If PAP therapy is not tolerated by the patients, other therapy options can be considered to treat OSA. Historically, surgical therapies that reconstructed or bypassed the upper airway were used to treat OSA. However, due to cost and risk, surgery is considered a secondary treatment for OSA today.5 Behavioral treatment options include weight loss, positional therapy, and avoidance of alcohol and sedatives before bedtime.5 Additionally, custom made oral appliances, such as mandibular repositioning appliances and tongue retaining devices, may improve upper airway patency by enlarging the upper airway and/or reducing upper airway collapsibility.5 Regardless of the treatment option chosen by OSA patients, ongoing, long-term management is recommended by the AASM.5
Interrelationship Between Obstructive Sleep Apnea and Atrial Fibrillation
What is the Overlap Between People with AF and OSA?
Several studies have demonstrated the relationship between OSA and AF by investigating the prevalence of OSA in AF patients, and of AF in patients with diagnosed OSA. Gami et al first reported this association in a prospective study assessing the risk of OSA in 463 patients with and without AF.9 In this study, investigators found the presence of OSA in 49% of patients with AF compared to 32% of patients without AF.9 Subsequently, several studies further examined this relationship reporting that evidence of OSA appeared in 24% - 87% of patients with AF.9,65–72 The largest of these studies included 3,000 patients undergoing pulmonary vein isolation for AF. In this study, Patel et al screened patients for OSA and CPAP use. The investigators reported 21.3% of patients had a previous diagnosis of OSA by polysomnography prior to ablation.72 As far as we know, no prospective study exists where randomized patients underwent polysomnography prior to a pulmonary vein isolation procedure. Additionally, research has shown that there is a higher prevalence of OSA in patients with therapy-resistant AF.70 In a recent study, Hoyer and colleagues compared the prevalence of OSA in 23 patients with recurrent AF after > 2 pulmonary vein isolation procedures with 23 patients who were successfully treated with one PVI procedure.70 OSA was prevalent in 87% of patients in the therapy-resistant group compared to48% of patients in the control group. However, the association of AF and OSA is not two directional, the presence of AF is far less common in cohorts of patients with OSA. Research has reported that 5% - 32% of patients with diagnosed OSA have concomitant AF.73–77 The largest of these studies evaluated the presence of AF in a community cohort of 3,542 adults referred for an initial diagnostic polysomnogram.75 After a 5-year follow-up, AF occurred in 4.3% of patients with OSA and in 2.1% of patients without OSA.75 These data taken together suggest possible causal relationship between OSA and AF. However, due to varying study design, patient populations, and diagnosis methods of OSA, a large, well-designed study is needed to confirm this relationship.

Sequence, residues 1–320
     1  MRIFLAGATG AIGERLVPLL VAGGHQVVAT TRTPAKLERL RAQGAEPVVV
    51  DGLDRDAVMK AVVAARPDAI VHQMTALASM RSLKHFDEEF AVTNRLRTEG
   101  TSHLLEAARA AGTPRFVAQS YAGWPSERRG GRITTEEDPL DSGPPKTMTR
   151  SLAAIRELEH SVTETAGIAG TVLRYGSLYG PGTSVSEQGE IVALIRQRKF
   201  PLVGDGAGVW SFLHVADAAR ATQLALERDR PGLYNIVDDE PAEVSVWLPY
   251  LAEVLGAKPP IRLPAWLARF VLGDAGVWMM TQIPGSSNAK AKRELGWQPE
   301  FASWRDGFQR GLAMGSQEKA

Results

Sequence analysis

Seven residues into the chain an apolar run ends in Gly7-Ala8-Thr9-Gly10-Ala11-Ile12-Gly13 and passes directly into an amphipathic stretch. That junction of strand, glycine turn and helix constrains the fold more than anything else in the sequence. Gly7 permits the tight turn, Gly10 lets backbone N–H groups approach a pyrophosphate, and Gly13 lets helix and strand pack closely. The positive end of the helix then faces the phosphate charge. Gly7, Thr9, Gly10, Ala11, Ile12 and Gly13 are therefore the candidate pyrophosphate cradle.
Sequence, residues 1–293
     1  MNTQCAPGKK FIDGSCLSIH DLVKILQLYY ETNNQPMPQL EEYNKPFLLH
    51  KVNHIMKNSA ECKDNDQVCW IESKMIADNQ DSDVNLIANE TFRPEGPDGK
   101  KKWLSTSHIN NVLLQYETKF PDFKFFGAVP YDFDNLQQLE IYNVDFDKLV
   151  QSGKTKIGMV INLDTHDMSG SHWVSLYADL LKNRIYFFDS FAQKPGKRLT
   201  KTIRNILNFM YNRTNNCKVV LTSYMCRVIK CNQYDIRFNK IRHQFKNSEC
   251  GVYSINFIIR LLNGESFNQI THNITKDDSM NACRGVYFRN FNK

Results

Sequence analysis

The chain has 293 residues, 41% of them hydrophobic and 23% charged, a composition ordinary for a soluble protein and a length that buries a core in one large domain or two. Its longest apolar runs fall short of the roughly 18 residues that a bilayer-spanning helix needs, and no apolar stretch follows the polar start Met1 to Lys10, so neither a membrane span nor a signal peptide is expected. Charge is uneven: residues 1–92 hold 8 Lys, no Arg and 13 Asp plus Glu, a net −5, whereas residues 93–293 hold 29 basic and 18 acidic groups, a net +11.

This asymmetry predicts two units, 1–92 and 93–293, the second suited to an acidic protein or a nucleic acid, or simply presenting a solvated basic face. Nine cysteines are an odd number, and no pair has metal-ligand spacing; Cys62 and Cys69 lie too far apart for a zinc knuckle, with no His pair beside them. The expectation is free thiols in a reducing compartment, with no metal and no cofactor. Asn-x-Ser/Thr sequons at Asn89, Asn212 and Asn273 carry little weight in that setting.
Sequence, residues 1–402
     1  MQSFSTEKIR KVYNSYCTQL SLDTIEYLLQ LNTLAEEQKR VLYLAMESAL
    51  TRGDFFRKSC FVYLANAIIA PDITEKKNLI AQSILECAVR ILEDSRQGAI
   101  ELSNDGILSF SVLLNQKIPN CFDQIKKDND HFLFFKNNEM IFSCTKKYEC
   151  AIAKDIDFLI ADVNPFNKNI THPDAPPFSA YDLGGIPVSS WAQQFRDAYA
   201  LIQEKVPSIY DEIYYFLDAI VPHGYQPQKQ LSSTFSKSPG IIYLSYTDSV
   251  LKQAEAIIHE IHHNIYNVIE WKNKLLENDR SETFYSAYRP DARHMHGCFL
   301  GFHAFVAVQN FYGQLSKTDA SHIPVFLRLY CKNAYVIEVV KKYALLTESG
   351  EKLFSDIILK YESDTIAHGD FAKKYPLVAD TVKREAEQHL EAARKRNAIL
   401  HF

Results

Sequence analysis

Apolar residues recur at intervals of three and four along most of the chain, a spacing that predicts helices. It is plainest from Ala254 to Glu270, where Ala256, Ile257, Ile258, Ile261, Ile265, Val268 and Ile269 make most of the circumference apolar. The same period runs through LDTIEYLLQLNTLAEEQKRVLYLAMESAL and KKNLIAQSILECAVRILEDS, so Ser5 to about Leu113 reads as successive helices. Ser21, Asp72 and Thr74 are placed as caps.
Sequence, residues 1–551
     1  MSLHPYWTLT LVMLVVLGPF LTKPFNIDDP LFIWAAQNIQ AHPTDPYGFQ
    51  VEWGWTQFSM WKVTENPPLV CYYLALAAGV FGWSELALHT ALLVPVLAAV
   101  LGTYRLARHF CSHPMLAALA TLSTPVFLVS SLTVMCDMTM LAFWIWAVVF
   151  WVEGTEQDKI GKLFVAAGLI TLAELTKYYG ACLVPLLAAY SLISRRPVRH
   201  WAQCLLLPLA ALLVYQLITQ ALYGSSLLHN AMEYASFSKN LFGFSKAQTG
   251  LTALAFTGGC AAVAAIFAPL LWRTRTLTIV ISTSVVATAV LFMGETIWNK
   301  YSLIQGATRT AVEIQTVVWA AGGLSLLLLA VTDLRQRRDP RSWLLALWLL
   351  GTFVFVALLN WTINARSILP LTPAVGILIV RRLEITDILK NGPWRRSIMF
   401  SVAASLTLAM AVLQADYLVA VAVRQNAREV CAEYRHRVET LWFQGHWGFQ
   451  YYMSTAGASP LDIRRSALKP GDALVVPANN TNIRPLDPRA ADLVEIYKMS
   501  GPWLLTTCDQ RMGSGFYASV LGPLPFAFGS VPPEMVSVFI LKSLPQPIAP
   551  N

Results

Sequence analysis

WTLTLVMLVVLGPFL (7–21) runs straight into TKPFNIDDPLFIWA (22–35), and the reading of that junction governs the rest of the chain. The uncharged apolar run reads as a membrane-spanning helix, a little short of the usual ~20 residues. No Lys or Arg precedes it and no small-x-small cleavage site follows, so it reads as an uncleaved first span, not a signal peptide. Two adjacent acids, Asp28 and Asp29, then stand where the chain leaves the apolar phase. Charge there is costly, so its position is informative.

What is the Impact of OSA and AF on each Other?
There is increasing evidence that demonstrates that mechanisms of OSA evoke AF through electrical and structural remodeling of the left atrium resulting from arterial oxyhemoglobin desaturation, excessive stimulation of the sympathetic nervous system, and increases in systemic blood pressure.20,78–80 Intermittent hypoxemia, hypercapnia, and chemoreceptor excitation resulting from collapse of the upper-airway activate a significant sympathetic response and enhanced vagal tone.79,81 Sympathetic vasoconstriction during apneic episodes elevates blood pressure resulting in left ventricular overload and atrial stretching, a known risk factor of AF.80,81 Consequently, investigators have reported that once left atrial pressure rises above 10 cm H20, the rate and organization of AF waves from the superior pulmonary veins increases.82 Orban et al investigated the effect of the Mueller maneuver, which simulates OSA, on left-sided cardiac morphologic characteristics and function in healthy patients.83 Following the maneuver and 10-minute recovery period, patients exhibited a distinctly decreased left atrial volume, ejection fraction, stroke volume, and cardiac index.83 In addition to structural remodeling, Demetri et al found evidence of significant electrical remodeling in 40 patients with OSA undergoing an initial PVI procedure for paroxysmal AF.78 Compared to 40 control patients without OSA undergoingPVI, patients with OSA had prolonged conduction times along the coronary sinus, more wide spread complex electrograms in both atria, longer P-wave duration, longer sinus node recovery time, lower atrial voltage, and slower atrial conduction velocity.78 In another study, Maeno et al reported that OSA is associated with increased P-wave duration, a known precursor of AF, in 250 subjects.84 Although OSA and AF share multiple risk factors and comorbidities, the strong association found between OSA and AF suggests a unique interaction between the pathophysiology of these two conditions.